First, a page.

Here you’ll see any problems Googlebot has had trying to crawl your site. This includes pages that couldn’t be accessed for one reason or another, why they were inaccessible, and what sort of crawl (web or mobile) was attempted. Ideally, you don’t want anything to show up here, so be sure to review and, if possible, resolve every error that you see.

Google Webmaster Tools Statistics


Everything under Statistics is potentially interesting but not necessarily vital. You can see the top queries your site shows up for, which ones bring the clicks, what words are used in links to your site, what your PageRank distribution looks like, and how many subscribers you have. As Darren Rowse has pointed out, the subscription counts only include Google feed readers, and the numbers don’t often match up with FeedBurner, so be ready for some disparity. If you’re interested in more of this sort of data, I suggest checking out Google Analytics.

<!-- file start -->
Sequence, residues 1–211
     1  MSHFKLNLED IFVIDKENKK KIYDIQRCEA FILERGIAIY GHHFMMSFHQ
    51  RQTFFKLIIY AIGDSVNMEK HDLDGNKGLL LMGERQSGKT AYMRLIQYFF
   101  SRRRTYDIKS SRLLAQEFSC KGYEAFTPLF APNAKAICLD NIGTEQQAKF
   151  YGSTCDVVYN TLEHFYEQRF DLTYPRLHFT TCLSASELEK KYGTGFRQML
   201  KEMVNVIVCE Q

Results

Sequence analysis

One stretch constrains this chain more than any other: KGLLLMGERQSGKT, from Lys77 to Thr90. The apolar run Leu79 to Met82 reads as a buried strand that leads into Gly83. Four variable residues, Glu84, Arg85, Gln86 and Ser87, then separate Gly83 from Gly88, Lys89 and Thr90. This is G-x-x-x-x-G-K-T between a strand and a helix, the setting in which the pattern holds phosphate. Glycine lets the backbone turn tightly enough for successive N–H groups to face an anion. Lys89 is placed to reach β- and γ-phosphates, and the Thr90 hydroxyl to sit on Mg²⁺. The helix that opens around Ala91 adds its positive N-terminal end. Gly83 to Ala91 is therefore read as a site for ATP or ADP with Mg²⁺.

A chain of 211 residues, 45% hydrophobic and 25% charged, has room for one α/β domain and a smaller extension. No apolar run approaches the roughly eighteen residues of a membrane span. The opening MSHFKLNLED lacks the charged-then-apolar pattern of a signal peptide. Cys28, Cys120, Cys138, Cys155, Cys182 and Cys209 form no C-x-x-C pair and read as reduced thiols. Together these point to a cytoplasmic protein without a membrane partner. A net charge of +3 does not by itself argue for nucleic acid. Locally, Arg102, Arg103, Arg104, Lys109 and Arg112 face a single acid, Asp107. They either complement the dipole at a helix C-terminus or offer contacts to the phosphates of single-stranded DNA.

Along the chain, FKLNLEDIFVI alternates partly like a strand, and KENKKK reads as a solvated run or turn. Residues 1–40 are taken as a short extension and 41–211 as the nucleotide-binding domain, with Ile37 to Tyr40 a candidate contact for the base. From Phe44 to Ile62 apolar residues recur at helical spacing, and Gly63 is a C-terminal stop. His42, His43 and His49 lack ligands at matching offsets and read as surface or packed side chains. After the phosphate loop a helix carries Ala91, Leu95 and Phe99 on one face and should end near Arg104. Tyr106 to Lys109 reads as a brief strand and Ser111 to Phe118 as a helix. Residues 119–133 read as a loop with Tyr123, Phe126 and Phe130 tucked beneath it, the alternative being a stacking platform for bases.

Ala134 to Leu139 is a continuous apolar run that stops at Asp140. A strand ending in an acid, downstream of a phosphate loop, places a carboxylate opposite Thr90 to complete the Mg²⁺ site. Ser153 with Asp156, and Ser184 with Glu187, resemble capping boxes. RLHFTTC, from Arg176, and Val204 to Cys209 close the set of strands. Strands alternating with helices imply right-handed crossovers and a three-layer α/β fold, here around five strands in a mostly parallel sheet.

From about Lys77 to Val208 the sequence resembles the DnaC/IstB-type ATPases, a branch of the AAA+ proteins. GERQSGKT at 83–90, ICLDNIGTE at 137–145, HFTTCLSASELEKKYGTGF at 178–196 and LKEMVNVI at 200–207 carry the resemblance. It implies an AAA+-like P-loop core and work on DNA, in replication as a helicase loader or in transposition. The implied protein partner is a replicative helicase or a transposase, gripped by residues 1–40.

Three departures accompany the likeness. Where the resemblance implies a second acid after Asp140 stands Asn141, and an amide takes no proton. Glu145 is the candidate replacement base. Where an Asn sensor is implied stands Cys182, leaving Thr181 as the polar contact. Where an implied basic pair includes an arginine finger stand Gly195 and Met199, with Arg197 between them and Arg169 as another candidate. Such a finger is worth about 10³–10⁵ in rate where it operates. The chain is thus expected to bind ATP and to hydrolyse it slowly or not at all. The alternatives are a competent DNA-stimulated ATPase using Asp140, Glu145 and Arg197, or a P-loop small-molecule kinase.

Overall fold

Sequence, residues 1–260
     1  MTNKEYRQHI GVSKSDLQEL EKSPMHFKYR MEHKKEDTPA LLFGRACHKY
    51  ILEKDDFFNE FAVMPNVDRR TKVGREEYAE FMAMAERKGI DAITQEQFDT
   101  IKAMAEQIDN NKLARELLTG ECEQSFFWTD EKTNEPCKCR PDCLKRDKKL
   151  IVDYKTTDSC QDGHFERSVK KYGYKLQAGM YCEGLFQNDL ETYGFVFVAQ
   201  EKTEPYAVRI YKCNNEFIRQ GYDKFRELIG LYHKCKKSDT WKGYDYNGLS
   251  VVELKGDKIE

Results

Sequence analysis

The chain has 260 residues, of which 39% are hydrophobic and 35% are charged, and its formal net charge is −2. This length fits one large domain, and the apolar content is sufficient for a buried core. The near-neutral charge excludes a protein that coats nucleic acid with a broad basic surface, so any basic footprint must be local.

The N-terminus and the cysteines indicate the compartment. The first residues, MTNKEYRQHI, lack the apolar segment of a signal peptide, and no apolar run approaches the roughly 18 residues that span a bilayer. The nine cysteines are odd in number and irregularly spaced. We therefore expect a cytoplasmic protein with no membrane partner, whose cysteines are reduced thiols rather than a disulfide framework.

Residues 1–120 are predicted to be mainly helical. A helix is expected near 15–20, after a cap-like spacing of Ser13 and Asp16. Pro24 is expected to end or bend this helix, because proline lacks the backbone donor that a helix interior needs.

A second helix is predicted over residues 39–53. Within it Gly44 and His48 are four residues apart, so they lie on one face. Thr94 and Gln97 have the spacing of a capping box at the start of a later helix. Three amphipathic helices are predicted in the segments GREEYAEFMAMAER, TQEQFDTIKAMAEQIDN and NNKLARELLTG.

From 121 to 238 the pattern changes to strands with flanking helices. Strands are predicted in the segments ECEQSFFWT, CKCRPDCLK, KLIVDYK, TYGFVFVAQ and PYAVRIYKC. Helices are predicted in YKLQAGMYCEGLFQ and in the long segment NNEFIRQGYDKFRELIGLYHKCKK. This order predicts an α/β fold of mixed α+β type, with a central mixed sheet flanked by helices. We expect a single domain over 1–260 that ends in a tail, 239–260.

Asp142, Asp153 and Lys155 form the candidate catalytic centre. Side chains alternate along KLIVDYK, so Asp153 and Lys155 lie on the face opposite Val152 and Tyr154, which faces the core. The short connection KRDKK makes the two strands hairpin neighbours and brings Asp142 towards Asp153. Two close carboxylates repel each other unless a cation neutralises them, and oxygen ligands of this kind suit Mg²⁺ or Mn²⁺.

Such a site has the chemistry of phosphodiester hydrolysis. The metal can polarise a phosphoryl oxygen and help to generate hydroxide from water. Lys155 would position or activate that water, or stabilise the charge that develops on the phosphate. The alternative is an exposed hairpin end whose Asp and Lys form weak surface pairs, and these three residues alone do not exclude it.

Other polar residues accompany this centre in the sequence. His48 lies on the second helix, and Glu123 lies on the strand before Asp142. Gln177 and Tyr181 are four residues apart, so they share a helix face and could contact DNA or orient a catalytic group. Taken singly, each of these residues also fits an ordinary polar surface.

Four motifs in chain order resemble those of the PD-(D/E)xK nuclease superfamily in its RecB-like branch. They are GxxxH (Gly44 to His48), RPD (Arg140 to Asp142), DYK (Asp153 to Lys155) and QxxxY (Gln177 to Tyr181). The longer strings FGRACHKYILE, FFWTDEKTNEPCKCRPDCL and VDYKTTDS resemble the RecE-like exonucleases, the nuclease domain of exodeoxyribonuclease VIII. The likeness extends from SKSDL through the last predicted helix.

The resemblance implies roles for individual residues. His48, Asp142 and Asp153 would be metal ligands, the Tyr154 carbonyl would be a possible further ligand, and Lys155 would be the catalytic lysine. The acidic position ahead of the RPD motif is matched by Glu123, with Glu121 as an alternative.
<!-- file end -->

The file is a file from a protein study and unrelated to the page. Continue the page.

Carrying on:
Google Webmaster Tools Links


The Links tab shows you where your pages are linked, both externally and internally. It’s a far cry from Google’s “link:” operator, providing a breakdown of almost every page that links to your site. The important thing here is not to get overly excited about a large link count. For starters, link juice is about quality, not quantity. Secondly, Webmaster Tools doesn’t distinguish between followed and nofollowed links. So, by all means, scope out the pages that are linking to yours; just don’t expect all of them to be valuable.

Google Webmaster Tools Sitemaps


Obviously, you won’t see much here until after you’ve added a sitemap. If you’ve got a WordPress blog, the sitemap generator plugin is a quick way to automate the process. Once you’ve added your sitemap, you can see when it was submitted, when it was downloaded, and whether or not there were any errors reading it. Don’t forget to add a sitemaps autodiscovery line to your robots.txt to make sure other search engines can find it also.